• 3. Evidence #1 The survival of Israel in tense southwestern Asia can be mainly attributed to the actions by England, the U.N. the U.S. and even the Soviet Union. This is because Great Britain in the Balfour Declaration gave the Zionist Federation England’s support in establishing “a national home for the Jewish people… in Palestine.” (1) Then, the U.N. stepped in by the urging of the U.S. and the Soviet Union. This allowed Israel to confidently establish itself from Palestinian rule, and form its separate state, which was granted to them by the U.N. The aftermath of this proposal transpired into the Arab-Israeli wars. With reinforcements from “Egypt, Jordan, Syria, Lebanon, and Iraq,” (2) the Arabs were victorious in battle. That is until Israel’s military became smarter and gained more land that what was to be given to them by the U.N. However, with the assistance and determination of the U.N. an armistice was reached and Palestine was partitioned. This led to the sovereignty of Israel. ©2011 Creative Curriculum for Children [CCC]
    • 4. Evidence #2As a result of this wide supportof the creation of Israel as asovereign and independentnation led to an increase in anti-Semitism. This is depicted in thepicture wherein demonstratorsare protesting the BalfourDeclaration. This sentiment wasprevalent in the region in Arabstates due to the taking ofPalestine’s land in order to forma separate state. This showsIsrael as a destabilizing force insouthwestern Asia. As a sourceof tension in the region, it is notsurprising to see Israel involvedin many discussions about theregion. This animosity towardsIsrael has led to “Arab nations’determination to rid their regionof the hated presence of Israel.” ©2011 Creative Curriculum for Children [CCC]
    • 5. Evidence #3The establishment of Israel within theborders of Palestine, thus taking itsland, was viewed with greatdiscontent, and uproar throughoutthe Arab nations of southwesternAsia. Within Palestine, the populardisagreement and anger towards thiscreation of a Jewish state led tomany protests and demonstrations.Here, in Palestine the protestors areperturbed about “The Faisal-Weizmann Agreement of 1919[which] finalized the arrangement,causing a massive uproar amongArabs in the Palestine region, whodid not want a Jewish state [to be]established.” This along with theBalfour Declaration contributed to theignition of the civil war and Arab-Israeli war in latter years of the mid1900s. The occurrence of theseprotests and wars that ensued, are aresult of the anti-Semitism, andcreation of Israel. Yet, this sentimentis still apparent today. ©2011 Creative Curriculum for Children [CCC]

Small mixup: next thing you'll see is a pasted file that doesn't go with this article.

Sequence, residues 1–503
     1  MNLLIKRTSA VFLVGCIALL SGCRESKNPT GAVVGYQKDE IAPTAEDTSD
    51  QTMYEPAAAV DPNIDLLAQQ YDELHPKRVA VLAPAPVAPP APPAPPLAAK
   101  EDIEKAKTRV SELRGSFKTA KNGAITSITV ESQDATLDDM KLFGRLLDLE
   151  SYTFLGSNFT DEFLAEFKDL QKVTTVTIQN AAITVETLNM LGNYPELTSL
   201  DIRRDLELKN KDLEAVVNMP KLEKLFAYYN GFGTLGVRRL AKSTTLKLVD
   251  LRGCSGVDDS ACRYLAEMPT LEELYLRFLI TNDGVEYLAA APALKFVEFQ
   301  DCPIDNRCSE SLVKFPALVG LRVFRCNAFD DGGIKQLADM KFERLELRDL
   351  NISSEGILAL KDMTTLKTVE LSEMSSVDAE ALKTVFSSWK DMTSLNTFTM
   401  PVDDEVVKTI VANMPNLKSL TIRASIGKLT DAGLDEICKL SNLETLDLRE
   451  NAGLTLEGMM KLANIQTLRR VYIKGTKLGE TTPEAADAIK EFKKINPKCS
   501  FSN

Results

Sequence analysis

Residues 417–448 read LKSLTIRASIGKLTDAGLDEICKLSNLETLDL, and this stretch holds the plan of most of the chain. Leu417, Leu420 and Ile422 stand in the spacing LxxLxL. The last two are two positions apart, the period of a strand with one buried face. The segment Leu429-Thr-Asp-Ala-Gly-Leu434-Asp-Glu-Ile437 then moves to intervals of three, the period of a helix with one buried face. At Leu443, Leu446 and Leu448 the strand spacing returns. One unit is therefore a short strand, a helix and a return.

• 6. Evidence #3 Continued In addition to the pictures of the protests regarding the support by the superpower, England. These riots and demonstrations led to deep concern for Arab leaders. This anxiety over the violent riots was definitely called for as these uproars led to deaths. As a result of the violence, “over 250 people were dead, and 570 were wounded.” As these numbers include both Arabs and Jews, it is clear that a settlement had to be made, or at least some sort of treaty signed in order to put an end to these deadly riots. Riots, which again show that Israel is a source of strife in southwestern Asia. ©2011 Creative Curriculum for Children [CCC]
    • 7. Evidence #3 Continued Here is the picture of the Telegraph of 1929 Riots sent to Britain by Palestine. ©2011 Creative Curriculum for Children [CCC]
    • 8. Evidence #4 Despite being a major destabilizing force in the region, Israel has made attempts and successes in achieving peace with neighbors. This is evident in the peace treaty signed between Palestine and Israel, which led to the assassination of prime minister Rabin of Israel, Israel wanted to form a truce between them and Egypt. They were successful in doing so because as depicted here, the U.S. Israel and Egypt signed the Camp David Accords. This agreement was supposed to instill peace and recognition between Israel and Egypt. However, when Egyptian President Anwar Sadat was assassinated, the extremists who committed the crime, opposed this settlement. In addition, the peace treaty signed between the PLO (Palestine Liberation Organization) and Israel demonstrates the quest for peace in the region. When PLO leader Yasser Arafat, and Israeli prime minister Rabin met in 1993 and 1995, they signed peace treaties. These accords “advanced the notion of limited Palestinian self-rule in Israeli-occupied territories.” This shows the two representative governments’ strides towards reconciliation and the suspension of hostility in southwestern Asia.President Anwar Sadatof Egypt (Left)U.S. President Carter(Center)Israeli Prime MinisterBegin (Right) ©2011 Creative Curriculum for Children [CCC]
    • 9. Conclusion From its birth to present day, Israel has been a crucial facet in Middle Eastern diplomacy and conflict. With its controversial creation and establishment, Israel has sparked antagonism towards them in south western Asia. The Arab states, which oppose the nation of Israel waged war against the Israeli people. With the support of England and the U.S. Israel has been able to thrive under pressure of these aggressive Arab nations. However, the tension still remains, unquenched by the several treaties signed between Israel and Palestine, and neighboring Arab countries. As a destabilizing force in the region, Israel has led to many tense and violent events such as the attacks by Hezbollah and the animosity between the Jewish state and Iran, and the strife over Gaza. With all of these conflicts originating from the creation of and actions of Israel, it is clear that this nation formed of survivors and refugees, is still in the middle of disagreement today. ©2011 Creative Curriculum for Children [CCC]